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him; "thou seest that the young man is fatigued after his journey; he has other things to think about. . . . Hold thy hands out straighter. . . . And thou, my little father," continued she, turning to me; "don't fret at being banished to our wilderness. Thou art not the first, nor wilt thou be the last. One learns to love what one has to endure.[1] It is now five years since Shvabrine, Aleksey Ivanovitch[2] Shvabrine was sent here for manslaughter. Goodness knows what possessed him; he went, thou seest, into the country with a sub-lieutenant; they both took up their swords, and began to poke at each other, until Aleksey Ivanovitch run the sub-lieutenant through, and that in the presence of witnesses! What's to be done! Sin has not found its master."[1]

At that moment, the orderly, a young good-looking Cossack, came into the room.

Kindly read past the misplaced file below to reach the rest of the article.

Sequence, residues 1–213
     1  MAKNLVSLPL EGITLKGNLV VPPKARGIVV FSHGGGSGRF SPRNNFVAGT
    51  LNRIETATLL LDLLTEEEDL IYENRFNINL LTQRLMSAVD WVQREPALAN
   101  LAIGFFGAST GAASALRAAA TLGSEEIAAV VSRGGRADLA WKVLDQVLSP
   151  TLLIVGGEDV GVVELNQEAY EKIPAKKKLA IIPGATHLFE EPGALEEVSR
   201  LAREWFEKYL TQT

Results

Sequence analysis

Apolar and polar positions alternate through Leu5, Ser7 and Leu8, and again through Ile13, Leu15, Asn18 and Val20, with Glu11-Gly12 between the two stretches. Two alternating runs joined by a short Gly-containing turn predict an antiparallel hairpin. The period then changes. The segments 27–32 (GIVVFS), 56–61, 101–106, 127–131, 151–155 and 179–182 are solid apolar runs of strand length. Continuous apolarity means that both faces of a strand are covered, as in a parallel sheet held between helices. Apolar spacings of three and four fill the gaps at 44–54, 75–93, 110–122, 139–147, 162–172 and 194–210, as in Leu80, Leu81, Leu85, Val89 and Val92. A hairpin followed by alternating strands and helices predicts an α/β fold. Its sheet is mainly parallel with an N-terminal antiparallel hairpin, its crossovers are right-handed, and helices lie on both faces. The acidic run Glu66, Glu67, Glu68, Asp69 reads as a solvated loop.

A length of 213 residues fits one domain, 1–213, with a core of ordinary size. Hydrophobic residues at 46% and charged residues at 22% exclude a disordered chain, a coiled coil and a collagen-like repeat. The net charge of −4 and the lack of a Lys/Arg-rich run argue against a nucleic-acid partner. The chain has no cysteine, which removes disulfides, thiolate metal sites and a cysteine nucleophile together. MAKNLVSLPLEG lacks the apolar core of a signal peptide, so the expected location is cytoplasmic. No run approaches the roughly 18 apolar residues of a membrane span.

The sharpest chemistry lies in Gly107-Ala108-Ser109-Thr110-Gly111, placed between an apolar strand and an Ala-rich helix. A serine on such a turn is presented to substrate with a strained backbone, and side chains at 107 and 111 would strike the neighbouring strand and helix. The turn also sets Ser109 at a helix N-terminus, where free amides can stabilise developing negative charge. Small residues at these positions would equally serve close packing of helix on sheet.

"Maksymitch!"[3] said the captain's wife; "show this officer to his billet, and see that all is clean."

"I obey, Vassilissa Yegorovna,"[4] answered the orderly. "Would it not do to place his honour with Ivan Polejaeff?"

"Nonsense, Maksymitch," said she; "Polejaeff has no room to spare; besides, he is my koum, and does not forget that we are his superiors. Conduct the officer. . . . What is your and your father's name, sir?"

"Piotr Andrevitch."

"Take Piotr Andrevitch to Semion Koúzoff. The rascal

  1. 1.0 1.1 Russian proverbs.—Tr.
  2. Alexis, the son of John.—Tr.
  3. Son of Maximus.—Tr.
  4. Vassilissa, the daughter of Gregory.—Tr.